{diy project} Milk Kefir

Recently, I came across a fellow food swapper who had milk kefir grains, and was in search of water kefir grains. I had water kefir grains, and was excited to try milk kefir. A happy swap was born!

Like water kefir, milk kefir is fermented at room temperature, so it is easier to make than other fermented foods that need to be heated like yogurt. In addition, swapping homemade milk kefir for store-bought yogurt saves money.  Milk kefir grains, which look like tiny heads of cauliflower, feed on the lactose in milk.


Milk kefir is actually easier to make than water kefir, provided you have milk in your fridge.



The process for making milk kefir is as follows:

  1. In a glass jar, combine one pint of milk and one tablespoon of milk kefir grains. You can use any kind of milk you want, though I like to use organic or local milk that I know won’t contain growth hormones or antibiotics. Whole milk is recommended, as skim milk can weaken the grains over time, though I have had success with skim milk as well.
  2. Cover the jar with a paper towel and rubber band, and leave the grains at room temperature for roughly 24-48 hours (the optimal time will depend on your kitchen temperature, humidity, and grains to milk ratio). The kefir should be strained before the curds and whey begin to separate if you want it to be thick but still slightly sweet. This can be tricky, as the ferment time can vary each time you make it. I keep an eye out for the beginning of separation at the bottom of my jar, and I strain the kefir then.
  3. Strain the kefir using a plastic strainer (you may have to help the kefir through by stirring, as it will be thick), and place the kefir grains in a new glass jar with fresh milk. The grains do not need to be washed.
  4. Place the strained kefir into a glass jar with a tightened lid, and store it in the fridge. I like to add a tablespoon or so of maple syrup to sweeten the kefir and drink it as is. It can also be added to fruit smoothies, or used as you would plain yogurt or buttermilk in recipes. I find that the kefir gets a bite to it (sour and fizzy) after a few days, so I try to use it in less than a week. Once your grains have multiplied (milk grains do this quicker than water grains), share them with a friend!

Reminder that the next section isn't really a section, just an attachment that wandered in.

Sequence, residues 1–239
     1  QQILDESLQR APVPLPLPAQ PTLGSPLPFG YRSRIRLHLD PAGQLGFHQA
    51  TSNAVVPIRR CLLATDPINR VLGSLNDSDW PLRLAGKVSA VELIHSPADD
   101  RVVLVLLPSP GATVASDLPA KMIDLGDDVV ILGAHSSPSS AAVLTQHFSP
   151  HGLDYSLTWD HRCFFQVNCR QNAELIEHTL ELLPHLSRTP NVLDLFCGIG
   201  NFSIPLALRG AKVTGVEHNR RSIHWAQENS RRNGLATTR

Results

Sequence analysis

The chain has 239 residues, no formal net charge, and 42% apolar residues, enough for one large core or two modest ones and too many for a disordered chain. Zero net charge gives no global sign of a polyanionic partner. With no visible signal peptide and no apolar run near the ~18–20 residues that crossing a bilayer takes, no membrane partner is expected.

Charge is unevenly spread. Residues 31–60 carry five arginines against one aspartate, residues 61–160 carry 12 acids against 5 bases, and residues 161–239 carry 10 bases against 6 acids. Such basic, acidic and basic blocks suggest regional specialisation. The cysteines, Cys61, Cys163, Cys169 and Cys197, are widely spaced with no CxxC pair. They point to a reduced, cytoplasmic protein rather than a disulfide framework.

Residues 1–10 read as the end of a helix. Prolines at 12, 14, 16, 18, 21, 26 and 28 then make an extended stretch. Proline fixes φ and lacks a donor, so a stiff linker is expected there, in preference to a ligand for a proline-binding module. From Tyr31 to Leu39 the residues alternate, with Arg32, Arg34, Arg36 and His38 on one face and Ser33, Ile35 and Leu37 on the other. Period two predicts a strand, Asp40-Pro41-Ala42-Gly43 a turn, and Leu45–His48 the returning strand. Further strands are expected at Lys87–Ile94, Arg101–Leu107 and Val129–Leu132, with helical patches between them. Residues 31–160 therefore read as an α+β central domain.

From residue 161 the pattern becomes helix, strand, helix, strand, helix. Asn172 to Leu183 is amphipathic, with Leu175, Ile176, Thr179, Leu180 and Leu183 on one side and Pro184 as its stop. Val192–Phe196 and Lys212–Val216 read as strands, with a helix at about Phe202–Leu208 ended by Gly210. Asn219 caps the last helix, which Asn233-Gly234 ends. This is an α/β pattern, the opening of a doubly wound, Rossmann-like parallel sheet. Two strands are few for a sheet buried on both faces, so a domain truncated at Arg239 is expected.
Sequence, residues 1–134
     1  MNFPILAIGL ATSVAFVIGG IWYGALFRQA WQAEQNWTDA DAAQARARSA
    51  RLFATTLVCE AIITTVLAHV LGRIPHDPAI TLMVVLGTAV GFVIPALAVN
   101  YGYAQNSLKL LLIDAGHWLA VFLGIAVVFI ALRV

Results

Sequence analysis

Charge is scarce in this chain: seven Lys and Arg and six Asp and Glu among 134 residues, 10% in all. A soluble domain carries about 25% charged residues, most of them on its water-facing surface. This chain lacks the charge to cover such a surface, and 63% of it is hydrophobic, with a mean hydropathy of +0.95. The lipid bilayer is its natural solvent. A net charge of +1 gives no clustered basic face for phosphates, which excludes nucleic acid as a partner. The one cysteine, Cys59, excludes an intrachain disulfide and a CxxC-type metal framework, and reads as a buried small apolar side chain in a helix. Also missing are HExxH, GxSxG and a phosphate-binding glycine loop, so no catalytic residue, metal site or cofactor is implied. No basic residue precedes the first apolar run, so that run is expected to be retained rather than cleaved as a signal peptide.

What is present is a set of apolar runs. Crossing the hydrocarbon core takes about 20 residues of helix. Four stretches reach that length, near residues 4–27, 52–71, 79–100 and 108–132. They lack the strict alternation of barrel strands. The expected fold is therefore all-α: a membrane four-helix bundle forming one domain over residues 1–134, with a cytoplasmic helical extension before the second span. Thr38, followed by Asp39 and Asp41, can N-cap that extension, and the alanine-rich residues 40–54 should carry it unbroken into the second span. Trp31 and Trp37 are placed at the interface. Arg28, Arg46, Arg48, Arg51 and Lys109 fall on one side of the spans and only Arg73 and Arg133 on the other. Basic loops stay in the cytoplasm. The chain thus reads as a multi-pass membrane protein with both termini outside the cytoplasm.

FOR MORE INFORMATION: Cultures for Health is a good source for more information about milk kefir.


10 Comments Add yours

  1. Jessica R says:

    Hi Betsy! After seeing this at the swap a few times, I’m getting interested. My previous yogurt making attempts all failed, I think because I didn’t heat the milk correctly. Anyway, just to be clear, is this is typo, “In a glass jar, combine one pint of water and one tablespoon of milk kefir grains.” Is it supposed to say,” combine one pint of milk”….
    Thanks! It was nice to meet you yesterday at the swap! I hope you enjoyed the quinoa!

    1. BETSY says:

      Yes, thanks for catching that typo – nice to meet you at the swap too!

  2. Hi Betsy! Just started using Kefir myself- I put it in smoothies, what recipes do you use it in? It’s great with Goats milk too, as I have a weird reaction with normal dairy! Great post. Anna.

    1. BETSY says:

      Good to know about goat’s milk! I also use it in smoothies and made these pancakes recently and they came out great! http://www.twopeasandtheirpod.com/whole-wheat-kefir-pancakes-with-blueberry-sauce-a-giveaway/

      1. ooh great! I’ll have to give them a go!

  3. Jeni B says:

    Betsy, I’ve been enjoying your grains… I’m envious of your strainer! Can you tell me where you got that lovely little yellow thing?

    1. BETSY says:

      It was given to me, so I don’t know where it’s from – sorry!

      1. Jeni B says:

        Thanks anyway! I found a nifty canning funnel on Amazon that is stainless steel and has a removeable silicone strainer in the bottom. I have such a hard time getting the milk protiens off my mesh strainers.. I think this will work out great!

  4. Janet says:

    Wow, this is great! How creative!

  5. Robin says:

    Hi Betsy. I’ve been trying to make kefir, but each time I make it, even after only 24 hours on the counter, it the milk smells sour not like the kind from the store (which smells like yogurt to me). Is there a big difference in taste and smell between homemade and store-bought kefir? Do you have any other suggestions or could mt grains be bad?

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